Will the Term ‘Translator’ Disappear?

Will the Term ‘Translator’ Disappear

1. Goodbye Translators

Back in October, Ian El-Mokadem offered what became a memorable quote during his keynote speech at SlatorCon Zurich 2023: “Goodbye Translators, Hello Language Specialists.” In the words of the RWS Group CEO, humans continue to play a central role in localization in the era of machine (and AI) translation post-editing, but that role has changed.

We asked weekly newsletter readers if they thought the term “Translator” would disappear over the next five years, and it became the most voted-on topic on a poll in 2023.

Close to half of respondents said “absolutely not” (43.2%) to the notion of no longer having translators. A quarter of respondents (25%) think it’s always been five years, while the rest of voters are split between those who think the term will definitely disappear (16.7%) or will possibly disappear (15.1%).

2. That Beloved Microsoft Language Portal

Back in June Microsoft shut down its online language portal, a major reference for the language industry for 14 years, creating a wave of protests. A few weeks later, the portal was back, to the delight of many.

As a testament to the portal’s popularity, many readers voted when asked if they had ever used it. Nearly half (46.5%) said they use it “often.” A third (33.7%) of respondents do not use it, and about one-fifth of respondents access the portal sometimes (16.8%) or rarely (3.0%). 

3. ChatGPT for Translation

In the long days of summer, we wanted to see if statements made by a few researchers about OpenAI’s ChatGPT’s ability to deliver competitive quality machine translation (MT) rang true, and conducted a few translation tests of our own. Results were inconsistent, with some renditions being quite good, and others being completely inaccurate.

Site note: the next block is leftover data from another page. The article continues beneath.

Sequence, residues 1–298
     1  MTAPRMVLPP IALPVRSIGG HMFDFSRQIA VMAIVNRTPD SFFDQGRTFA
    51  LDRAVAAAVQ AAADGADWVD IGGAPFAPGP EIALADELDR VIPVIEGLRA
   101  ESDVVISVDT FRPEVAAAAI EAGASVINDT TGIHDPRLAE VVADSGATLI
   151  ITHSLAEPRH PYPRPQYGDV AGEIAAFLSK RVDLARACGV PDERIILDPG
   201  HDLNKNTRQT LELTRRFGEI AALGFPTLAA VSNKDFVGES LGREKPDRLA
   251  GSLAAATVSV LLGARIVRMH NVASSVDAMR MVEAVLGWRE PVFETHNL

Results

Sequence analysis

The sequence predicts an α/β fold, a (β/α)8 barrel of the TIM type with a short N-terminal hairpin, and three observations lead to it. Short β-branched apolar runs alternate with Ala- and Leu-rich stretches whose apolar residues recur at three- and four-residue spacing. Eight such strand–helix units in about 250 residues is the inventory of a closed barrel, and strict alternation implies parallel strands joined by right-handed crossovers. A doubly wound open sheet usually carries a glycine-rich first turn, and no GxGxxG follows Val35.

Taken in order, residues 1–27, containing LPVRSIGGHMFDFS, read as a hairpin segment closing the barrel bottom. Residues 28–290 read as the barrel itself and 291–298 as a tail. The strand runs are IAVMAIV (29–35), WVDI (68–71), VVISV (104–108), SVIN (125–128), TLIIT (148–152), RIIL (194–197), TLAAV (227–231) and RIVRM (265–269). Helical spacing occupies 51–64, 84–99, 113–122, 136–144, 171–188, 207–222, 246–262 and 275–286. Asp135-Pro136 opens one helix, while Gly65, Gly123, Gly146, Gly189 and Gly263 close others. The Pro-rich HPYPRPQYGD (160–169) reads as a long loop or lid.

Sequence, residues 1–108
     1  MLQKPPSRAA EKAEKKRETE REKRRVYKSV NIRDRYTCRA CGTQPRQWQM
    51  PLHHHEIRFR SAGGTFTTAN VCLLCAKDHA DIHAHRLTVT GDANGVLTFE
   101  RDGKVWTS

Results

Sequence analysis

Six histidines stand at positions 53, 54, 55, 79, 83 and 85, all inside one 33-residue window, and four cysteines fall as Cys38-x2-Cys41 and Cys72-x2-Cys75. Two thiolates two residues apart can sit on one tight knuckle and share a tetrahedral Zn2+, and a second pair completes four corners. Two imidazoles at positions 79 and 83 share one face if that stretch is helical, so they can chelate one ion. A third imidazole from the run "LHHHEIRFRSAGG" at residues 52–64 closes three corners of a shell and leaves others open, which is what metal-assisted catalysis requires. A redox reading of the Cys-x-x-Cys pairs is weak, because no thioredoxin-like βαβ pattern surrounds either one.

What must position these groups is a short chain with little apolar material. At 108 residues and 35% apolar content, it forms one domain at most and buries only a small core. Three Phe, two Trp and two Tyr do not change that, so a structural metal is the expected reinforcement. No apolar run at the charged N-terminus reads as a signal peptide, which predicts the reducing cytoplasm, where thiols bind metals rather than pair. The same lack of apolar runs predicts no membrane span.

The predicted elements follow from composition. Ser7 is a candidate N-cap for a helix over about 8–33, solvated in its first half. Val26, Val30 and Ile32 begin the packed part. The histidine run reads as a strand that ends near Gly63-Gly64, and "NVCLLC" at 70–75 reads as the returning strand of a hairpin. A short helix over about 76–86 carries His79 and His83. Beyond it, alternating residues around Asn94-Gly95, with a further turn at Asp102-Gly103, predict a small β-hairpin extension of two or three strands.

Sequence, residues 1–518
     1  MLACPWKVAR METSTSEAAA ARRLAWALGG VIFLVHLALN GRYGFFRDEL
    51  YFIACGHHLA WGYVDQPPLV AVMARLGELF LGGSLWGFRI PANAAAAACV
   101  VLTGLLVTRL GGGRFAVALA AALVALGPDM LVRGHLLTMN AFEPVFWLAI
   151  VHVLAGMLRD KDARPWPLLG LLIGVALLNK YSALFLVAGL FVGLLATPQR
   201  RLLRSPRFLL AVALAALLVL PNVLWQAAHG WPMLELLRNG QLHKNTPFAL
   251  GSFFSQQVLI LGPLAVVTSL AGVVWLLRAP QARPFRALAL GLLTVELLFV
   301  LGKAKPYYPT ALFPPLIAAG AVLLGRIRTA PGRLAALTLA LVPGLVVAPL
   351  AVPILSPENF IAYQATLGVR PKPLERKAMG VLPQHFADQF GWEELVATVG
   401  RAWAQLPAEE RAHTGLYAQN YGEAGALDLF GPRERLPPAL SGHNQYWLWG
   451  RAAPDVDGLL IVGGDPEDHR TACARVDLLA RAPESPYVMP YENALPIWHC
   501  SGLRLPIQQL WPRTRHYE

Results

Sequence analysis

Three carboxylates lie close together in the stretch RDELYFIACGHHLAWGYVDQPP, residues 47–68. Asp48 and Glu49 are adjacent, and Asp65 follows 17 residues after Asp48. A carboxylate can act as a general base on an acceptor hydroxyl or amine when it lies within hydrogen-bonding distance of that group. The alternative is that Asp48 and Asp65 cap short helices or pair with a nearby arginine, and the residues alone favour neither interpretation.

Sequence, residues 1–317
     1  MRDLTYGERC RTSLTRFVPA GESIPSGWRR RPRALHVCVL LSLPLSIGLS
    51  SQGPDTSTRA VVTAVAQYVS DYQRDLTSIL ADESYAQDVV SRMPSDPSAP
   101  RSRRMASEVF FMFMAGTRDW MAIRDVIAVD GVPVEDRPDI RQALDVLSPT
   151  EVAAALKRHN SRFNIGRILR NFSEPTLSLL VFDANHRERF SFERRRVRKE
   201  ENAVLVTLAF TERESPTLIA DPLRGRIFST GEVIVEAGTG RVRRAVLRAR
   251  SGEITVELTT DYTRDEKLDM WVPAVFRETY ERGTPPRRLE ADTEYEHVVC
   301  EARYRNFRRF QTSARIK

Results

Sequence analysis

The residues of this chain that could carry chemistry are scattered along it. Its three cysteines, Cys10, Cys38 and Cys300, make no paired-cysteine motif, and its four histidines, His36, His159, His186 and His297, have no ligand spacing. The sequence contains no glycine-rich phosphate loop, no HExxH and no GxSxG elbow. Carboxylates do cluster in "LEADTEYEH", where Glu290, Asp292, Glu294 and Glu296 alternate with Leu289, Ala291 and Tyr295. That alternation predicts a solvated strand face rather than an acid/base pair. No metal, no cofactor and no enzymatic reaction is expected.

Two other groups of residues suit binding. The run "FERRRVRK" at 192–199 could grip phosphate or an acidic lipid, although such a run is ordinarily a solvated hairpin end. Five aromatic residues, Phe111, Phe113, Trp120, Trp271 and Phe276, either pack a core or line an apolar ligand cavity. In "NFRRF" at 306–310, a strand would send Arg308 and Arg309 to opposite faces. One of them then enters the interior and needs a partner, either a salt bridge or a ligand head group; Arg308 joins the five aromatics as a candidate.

We then asked readers if they were using ChatGPT for translation. The majority of respondents (80.6%) said No. Less than a tenth of respondents said they were using the bot for translation (8.6%), and the rest were split between those who were planning to use it, and those who had used it and stopped using it (5.4% each).

4. Inflation and Rates

Language services rates have remained relatively stable for a number of years, but during Q1 2023, the mood in the industry (and around the world economy) was cautious. Inflation was a main source of worry for many entrepreneurs and investors. Therefore, we asked how translation rates were trending for them in light of the situation. 

Reflecting rate stability, most replied that indeed their rates remain flat (49.5%). For less than a quarter of respondents, rates were increasing slightly (18.7%). The rest of respondents answered that their rates were strongly decreasing (14.3%), slightly decreasing (12.1%), or strongly increasing (5.4%).

5. No Such Thing as Full Post-Editing

October brought with it a flurry of in-person industry events (including SlatorCon Zurich) and no shortage of crowd-stirring moments, such as Jon Finger’s viral video using HeyGen to instantly dub his own voice from English into French and German, neither of which he speaks.   

Slatorpod welcomed Jakub Absolon, CEO of ASAP-translation.com, who shared some insights on machine translation post-editing. He also spoke about his particular view on full post-editing, which he had expressed prior to the pod, explaining that “full post-editing is simply human translation and should be priced and timed as such.” 

We asked readers if they thought we should all stop using the term “full post-editing”. Most (65.3%) agreed with Absolon, saying yes to stopping the use of the term “full post-editing.” The rest of the respondents chose to continue using the term (No, 18.7%) or to do whatever the client prefers (16.0%).